Saudi inflation unchanged
Saudi Arabia's annual inflation remained unchanged from the previous month at 5.8 percent in November, underpinned by rising housing and transport costs in the biggest Arab economy.
The global crisis has reduced inflation across the Gulf Arab region from record highs in 2008. Price pressures have been rising again in some countries but inflation is expected to stay in low single digits for now.
Analysts polled by Reuters expected average Saudi inflation of 5.3 percent this year and 5.1 percent in 2011, still well below a record high of 11.1 percent in July 2008.
Monthly inflation in the world's top oil exporter stood at 0.3 percent in November, down from 0.5 percent in the previous month, state news agency SPA said late on Saturday.
"Goods, services and housing are the contributing factors to inflationary pressures for the month of November ... but going forward there should be a bit of a decline," said John Sfakianakis, chief economist at Banque Saudi Fransi.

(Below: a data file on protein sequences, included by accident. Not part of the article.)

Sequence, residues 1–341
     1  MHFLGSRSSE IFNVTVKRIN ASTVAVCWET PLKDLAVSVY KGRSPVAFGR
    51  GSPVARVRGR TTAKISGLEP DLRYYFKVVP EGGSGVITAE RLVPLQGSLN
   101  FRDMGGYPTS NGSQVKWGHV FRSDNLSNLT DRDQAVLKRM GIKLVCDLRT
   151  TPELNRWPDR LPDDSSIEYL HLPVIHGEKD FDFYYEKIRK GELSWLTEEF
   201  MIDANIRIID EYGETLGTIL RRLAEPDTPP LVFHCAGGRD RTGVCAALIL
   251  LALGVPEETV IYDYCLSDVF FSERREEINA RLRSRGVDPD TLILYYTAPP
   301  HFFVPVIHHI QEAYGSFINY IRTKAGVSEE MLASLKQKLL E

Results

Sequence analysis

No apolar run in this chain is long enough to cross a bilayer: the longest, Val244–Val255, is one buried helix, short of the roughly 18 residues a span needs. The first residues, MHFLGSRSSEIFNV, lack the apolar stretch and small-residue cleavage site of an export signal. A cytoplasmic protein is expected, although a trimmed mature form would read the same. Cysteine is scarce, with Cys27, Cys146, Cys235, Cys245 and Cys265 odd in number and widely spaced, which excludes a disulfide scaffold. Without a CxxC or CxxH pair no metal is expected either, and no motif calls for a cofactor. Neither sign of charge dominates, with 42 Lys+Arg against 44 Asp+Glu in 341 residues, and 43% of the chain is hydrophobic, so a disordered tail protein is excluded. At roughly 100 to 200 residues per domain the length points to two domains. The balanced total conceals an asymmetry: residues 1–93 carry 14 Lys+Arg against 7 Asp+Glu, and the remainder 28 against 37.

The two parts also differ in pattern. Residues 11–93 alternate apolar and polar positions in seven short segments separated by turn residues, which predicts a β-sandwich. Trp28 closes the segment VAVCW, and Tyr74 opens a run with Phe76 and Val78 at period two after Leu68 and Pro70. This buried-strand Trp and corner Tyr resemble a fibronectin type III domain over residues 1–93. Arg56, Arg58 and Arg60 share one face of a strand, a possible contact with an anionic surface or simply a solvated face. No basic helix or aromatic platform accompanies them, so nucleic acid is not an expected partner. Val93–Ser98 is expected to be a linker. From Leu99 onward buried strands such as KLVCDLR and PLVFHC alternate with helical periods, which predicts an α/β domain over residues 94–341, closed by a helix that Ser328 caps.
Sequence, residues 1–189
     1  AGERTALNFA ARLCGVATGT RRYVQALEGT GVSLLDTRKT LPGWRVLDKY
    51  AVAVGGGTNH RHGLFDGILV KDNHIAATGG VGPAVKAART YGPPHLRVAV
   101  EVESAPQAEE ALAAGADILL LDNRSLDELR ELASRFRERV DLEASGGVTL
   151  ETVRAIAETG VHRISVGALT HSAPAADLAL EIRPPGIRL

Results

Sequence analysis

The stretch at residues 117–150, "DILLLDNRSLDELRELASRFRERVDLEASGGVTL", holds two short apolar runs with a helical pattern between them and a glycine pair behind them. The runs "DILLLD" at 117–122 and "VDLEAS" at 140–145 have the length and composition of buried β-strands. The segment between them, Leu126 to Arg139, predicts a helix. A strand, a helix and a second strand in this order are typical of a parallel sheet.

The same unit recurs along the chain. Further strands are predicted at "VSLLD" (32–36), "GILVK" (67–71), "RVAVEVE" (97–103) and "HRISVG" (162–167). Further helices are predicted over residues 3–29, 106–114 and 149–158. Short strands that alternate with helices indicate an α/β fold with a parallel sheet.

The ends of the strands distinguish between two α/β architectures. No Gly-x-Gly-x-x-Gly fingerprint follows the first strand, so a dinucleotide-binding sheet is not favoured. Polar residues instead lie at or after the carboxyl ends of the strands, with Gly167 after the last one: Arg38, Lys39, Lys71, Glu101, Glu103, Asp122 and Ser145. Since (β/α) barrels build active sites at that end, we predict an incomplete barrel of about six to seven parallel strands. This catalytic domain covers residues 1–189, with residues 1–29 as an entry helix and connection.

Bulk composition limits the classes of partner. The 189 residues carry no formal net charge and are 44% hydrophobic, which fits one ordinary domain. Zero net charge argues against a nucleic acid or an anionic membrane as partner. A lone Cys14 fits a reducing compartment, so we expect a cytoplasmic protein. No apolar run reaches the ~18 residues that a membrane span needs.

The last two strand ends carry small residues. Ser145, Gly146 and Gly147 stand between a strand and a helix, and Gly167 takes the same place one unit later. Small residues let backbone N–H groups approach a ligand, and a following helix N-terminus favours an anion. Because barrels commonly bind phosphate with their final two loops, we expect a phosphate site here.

Housing costs rose 0.5 percent month-on-month, compared to a 0.6 percent increase in October.
Food prices, which have the largest weighting of 26 percent in the consumer price basket, rose 0.3 percent month-on-month in November, down from a 1.6 percent rise in the previous month.Inflation in Saudi Arabia had been on the decline since reaching an 18-month high of 6.1 percent in August. The central bank has said it is not yet a concern.
But some economists such as Monica Malik, chief economist at EFG Hermes in Dubai, expect inflation to accelerate in 2011.
"For 2011, a small acceleration to 5.8. The two main drivers of inflation will be food prices, especially in the first half, and rental prices," Malik said.
Saudi Arabia's economy is seen expanding by at least 3.5 percent this year, mainly helped by more stable oil prices, central bank Gov. Muhammad Al-Jasser said in September.